KUALA LUMPUR: Free Trade Agreements with procurement provisions like the Transpacific Partnership Agreement (TPPA) can help transform government contracting because they require all partner countries to follow the same principles and procedures in procurement, says the latest briefing paper released by the Institute for Democracy and Economic Affairs (IDEAS) today, titled “Public Procurement in FTAs: The challenges for Malaysia” by Dr. David Seth Jones, a public policy specialist and former Associate Professor at University of Brunei and the National University of Singapore.
Dr Jones explores the opportunities and challenges for Malaysia if it enters into an FTA with a provision on public procurement such as in the TPPA and the Malaysian European Union Free Trade Agreement (MEUFTA). He argues such FTAs will benefit Malaysia as they provide Malaysian companies with greater market access and provide them with opportunities to win contracts in foreign procurement markets and improve domestic procurement standards.
Malaysian firms are now competing to get access to the domestic procurement market whose value reaches about RM 261 billion annually. If Malaysia signs to the TPPA, the size of procurement market available to them, based on the value of public procurement contracts above threshold in two TPPA countries alone (Singapore and the USA), is more than RM 4 trillion annually.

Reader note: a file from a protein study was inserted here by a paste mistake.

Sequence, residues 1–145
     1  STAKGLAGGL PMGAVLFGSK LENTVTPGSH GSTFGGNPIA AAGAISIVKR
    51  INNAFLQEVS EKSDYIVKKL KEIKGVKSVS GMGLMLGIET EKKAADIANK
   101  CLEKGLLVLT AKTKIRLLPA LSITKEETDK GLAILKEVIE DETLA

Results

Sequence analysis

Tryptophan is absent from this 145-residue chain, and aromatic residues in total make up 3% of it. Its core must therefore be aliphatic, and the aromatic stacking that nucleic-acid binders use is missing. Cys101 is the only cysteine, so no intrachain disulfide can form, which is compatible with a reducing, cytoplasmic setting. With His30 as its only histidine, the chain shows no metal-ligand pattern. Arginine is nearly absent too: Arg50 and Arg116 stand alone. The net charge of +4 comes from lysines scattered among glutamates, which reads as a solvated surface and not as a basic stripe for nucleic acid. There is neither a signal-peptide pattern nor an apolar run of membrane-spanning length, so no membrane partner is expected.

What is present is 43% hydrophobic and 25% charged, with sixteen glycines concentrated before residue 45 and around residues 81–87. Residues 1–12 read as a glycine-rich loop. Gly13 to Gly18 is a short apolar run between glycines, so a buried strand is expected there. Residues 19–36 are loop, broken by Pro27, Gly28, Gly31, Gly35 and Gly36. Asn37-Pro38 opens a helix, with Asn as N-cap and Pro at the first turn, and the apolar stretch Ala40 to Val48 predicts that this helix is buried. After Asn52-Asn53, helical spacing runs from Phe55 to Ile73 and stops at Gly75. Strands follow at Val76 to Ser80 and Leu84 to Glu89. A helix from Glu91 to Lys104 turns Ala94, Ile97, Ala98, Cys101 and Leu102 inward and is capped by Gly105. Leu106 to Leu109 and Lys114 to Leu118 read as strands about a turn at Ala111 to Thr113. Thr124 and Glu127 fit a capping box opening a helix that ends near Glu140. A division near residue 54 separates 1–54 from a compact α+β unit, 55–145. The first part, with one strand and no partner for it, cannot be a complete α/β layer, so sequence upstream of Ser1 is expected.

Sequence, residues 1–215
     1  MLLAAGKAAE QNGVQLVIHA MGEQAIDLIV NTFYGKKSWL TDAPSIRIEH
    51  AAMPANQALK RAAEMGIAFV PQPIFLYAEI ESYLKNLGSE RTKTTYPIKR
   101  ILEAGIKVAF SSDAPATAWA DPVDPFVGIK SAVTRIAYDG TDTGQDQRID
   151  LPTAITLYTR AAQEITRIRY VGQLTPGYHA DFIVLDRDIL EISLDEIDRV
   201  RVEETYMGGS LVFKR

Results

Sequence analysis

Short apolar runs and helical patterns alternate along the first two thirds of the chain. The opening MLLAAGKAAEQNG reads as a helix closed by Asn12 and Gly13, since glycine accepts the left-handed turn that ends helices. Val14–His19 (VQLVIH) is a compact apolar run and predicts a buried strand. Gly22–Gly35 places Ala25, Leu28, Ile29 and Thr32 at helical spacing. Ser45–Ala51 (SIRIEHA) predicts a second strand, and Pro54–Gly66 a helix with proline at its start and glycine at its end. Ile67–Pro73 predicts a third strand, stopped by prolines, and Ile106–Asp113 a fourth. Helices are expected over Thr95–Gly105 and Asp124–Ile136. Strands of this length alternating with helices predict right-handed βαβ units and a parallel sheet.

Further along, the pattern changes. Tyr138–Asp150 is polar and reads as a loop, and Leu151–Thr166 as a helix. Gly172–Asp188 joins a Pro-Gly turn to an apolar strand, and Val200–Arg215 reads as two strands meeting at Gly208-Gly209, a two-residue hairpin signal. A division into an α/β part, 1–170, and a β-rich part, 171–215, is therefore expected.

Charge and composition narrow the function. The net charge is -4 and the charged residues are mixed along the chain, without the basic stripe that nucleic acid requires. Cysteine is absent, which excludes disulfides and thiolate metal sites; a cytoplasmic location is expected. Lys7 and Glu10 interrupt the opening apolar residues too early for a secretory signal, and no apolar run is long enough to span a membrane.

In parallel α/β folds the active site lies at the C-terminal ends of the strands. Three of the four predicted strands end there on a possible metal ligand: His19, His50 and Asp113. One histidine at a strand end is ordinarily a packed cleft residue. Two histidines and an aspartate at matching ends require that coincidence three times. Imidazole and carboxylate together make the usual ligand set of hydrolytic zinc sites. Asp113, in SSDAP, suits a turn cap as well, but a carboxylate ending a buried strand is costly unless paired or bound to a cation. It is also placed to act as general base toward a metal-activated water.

Dr Jones acknowledges that â€œopening up the Malaysian procurement market in which local suppliers and contractors have been protected for decades is especially challenging.â€ For that reason, he explores a number of exemptions and allowances that Malaysia may apply in its FTAs such as higher value threshold and retention of preferential margins temporarily or permanently. However, he encourages the Malaysian government to make all exemptions and allowances transitional in nature so that Malaysian firms can become more competitive and take full advantage of procurement opportunities in future FTAs.
Competitiveness in an FTA market can be gained if Malaysian companies can provide a wider range and better quality of goods, services and works as required by the public sector in partner countries. This competitiveness can be encouraged by first phasing out preferential treatment for Bumiputera and local companies.
Commenting on the paper, Wan Saiful Wan Jan, IDEAS CEO, said: â€œMalaysiaâ€™s procurement market has been protected for too long such that local companies are not encouraged to be competitive and to strive for looking for markets outside Malaysia. Nurturing competitiveness in a protective environment is more difficult than in an open environment. The government should therefore use the FTAs as an opportunity to encourage local companies, especially the Bumiputera ones, to be more competitive.â€